[Top][All Lists]

[Date Prev][Date Next][Thread Prev][Thread Next][Date Index][Thread Index]

Re: Neat hacks for a birthday

From: Ludovic Courtès
Subject: Re: Neat hacks for a birthday
Date: Fri, 10 Feb 2012 21:45:05 +0100
User-agent: Gnus/5.110018 (No Gnus v0.18) Emacs/24.0.93 (gnu/linux)


Nala Ginrut <address@hidden> skribis:

> The easy way is to write a loadable builtin command for Bash which can do
> the simple Scheme evaluation work with Guile core. And I finished it: git://
> PS: 'BIG' for Bash Inner Guile

Excellent.  :-)


> It's so easy that almost useless, one may use Guile REPL rather than BIG or
> 'guile -c' to eval expressions. But as Ludo said "a proof of concept". ;-)

Yes, that’s the idea.  :-)

> All I expected is the harder way. But I'm not quite familiar with
> Bash architecture, so I just provide some suggestions and wishes here:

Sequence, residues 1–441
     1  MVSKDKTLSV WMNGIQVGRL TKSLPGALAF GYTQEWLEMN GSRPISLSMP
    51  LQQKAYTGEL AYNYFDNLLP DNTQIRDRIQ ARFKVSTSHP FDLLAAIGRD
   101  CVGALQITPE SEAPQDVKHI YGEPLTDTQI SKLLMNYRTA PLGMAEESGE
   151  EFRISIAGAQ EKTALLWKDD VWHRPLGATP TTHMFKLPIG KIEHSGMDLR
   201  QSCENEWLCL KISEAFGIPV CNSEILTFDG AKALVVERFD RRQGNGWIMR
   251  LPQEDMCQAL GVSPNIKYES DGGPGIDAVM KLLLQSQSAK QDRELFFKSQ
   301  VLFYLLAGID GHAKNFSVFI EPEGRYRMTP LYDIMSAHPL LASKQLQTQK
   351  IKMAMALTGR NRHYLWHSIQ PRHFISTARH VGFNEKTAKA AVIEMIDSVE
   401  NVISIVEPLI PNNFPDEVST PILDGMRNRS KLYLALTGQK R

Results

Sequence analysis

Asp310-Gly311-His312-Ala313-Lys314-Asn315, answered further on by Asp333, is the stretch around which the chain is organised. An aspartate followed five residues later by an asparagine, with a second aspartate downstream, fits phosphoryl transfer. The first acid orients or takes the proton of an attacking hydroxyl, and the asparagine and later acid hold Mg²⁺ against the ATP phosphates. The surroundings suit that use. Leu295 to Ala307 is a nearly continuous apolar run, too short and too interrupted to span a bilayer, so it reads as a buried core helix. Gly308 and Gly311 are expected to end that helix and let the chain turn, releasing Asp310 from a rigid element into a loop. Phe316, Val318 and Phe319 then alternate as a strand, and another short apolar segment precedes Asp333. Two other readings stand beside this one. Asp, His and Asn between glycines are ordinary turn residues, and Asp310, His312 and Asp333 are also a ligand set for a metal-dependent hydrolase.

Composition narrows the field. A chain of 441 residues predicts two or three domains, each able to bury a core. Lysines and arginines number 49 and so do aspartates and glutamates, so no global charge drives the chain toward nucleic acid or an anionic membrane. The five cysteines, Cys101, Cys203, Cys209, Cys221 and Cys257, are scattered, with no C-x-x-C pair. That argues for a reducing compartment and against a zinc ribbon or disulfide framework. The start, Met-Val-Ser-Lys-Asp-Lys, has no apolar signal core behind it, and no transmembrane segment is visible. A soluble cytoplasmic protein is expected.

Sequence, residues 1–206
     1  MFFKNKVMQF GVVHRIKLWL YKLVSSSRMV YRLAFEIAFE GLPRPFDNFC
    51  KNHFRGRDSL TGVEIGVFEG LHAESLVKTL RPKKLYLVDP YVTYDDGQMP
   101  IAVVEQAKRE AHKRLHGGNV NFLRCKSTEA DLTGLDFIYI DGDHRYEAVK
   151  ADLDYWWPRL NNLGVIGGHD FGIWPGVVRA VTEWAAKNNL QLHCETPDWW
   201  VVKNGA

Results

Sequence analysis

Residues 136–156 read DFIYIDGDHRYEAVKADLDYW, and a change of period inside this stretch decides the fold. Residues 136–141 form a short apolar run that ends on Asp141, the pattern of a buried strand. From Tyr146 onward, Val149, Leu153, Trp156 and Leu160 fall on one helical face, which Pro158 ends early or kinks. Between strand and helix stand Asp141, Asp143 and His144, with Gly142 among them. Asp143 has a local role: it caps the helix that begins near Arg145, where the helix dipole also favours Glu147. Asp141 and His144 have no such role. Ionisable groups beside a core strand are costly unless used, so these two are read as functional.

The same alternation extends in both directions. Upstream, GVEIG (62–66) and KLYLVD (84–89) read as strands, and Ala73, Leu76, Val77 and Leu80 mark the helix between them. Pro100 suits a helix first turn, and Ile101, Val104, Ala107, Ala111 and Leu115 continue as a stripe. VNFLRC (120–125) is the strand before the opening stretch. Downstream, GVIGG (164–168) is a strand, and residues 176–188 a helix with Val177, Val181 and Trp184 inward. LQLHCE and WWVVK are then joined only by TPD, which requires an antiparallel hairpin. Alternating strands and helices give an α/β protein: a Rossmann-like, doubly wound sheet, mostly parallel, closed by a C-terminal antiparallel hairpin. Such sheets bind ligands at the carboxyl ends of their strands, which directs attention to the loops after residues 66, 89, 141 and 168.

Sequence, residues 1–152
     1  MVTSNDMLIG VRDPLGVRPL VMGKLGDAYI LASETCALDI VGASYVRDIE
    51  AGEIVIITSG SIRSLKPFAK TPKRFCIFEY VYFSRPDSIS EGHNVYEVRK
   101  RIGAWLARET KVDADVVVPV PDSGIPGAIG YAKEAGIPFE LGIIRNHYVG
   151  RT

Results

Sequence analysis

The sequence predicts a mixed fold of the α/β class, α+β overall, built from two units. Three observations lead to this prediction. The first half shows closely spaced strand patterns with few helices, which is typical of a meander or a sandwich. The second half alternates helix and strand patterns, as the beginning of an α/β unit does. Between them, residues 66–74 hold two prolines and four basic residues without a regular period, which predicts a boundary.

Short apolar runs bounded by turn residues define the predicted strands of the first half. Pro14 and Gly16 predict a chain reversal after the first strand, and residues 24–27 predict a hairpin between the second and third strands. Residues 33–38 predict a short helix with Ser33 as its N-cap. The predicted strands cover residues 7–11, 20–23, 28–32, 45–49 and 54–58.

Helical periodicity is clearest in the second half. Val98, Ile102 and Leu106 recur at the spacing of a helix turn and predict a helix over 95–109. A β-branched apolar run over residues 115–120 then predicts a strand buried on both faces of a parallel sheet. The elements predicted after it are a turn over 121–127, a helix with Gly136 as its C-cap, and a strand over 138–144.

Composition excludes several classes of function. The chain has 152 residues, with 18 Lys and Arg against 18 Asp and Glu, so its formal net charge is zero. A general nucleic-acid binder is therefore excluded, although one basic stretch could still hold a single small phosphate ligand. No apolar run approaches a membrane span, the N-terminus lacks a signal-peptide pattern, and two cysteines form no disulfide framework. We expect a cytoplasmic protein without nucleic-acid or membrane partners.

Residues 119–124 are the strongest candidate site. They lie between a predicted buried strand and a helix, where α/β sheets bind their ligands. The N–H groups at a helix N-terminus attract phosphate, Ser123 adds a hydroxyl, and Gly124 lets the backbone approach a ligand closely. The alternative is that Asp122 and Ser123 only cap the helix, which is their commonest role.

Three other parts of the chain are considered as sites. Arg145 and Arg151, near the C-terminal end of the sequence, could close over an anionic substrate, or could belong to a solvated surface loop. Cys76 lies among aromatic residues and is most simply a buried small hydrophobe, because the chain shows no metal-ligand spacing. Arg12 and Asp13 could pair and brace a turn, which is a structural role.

> We may modify "parser.y" to add S-exp parsing


> If we can use S-exp in Bash, I think these would be interesting:
> x=5
> echo "$((+ 1 ${x}))" ==> 6
> echo "$((expt 2 ${x}))" ==> 32

Instead of adding an s-exp parser in Bash, how about adding a single new
syntax form, say “$) EXPR ($” (there are few available tokens!), that
would parse EXPR with scm_read, and evaluate it with scm_eval?

> Moreover, maybe modify the evaluator of Bash and transform "define" to
> define a variable in Bash? Then the namespace is unified in Bash, when Bash
> code passes exp into Guile, all variables within will be evaluated to the
> actual value and Guile will eval the exp. But I think that would bereave
> lexical scope of Scheme code.

Actually, Emacs’ Eshell does something like that for ELisp
functions–i.e., one can invoke both ‘ls’ and ‘find-file’, seamlessly.

Food for thought.  :-)


reply via email to

[Prev in Thread] Current Thread [Next in Thread]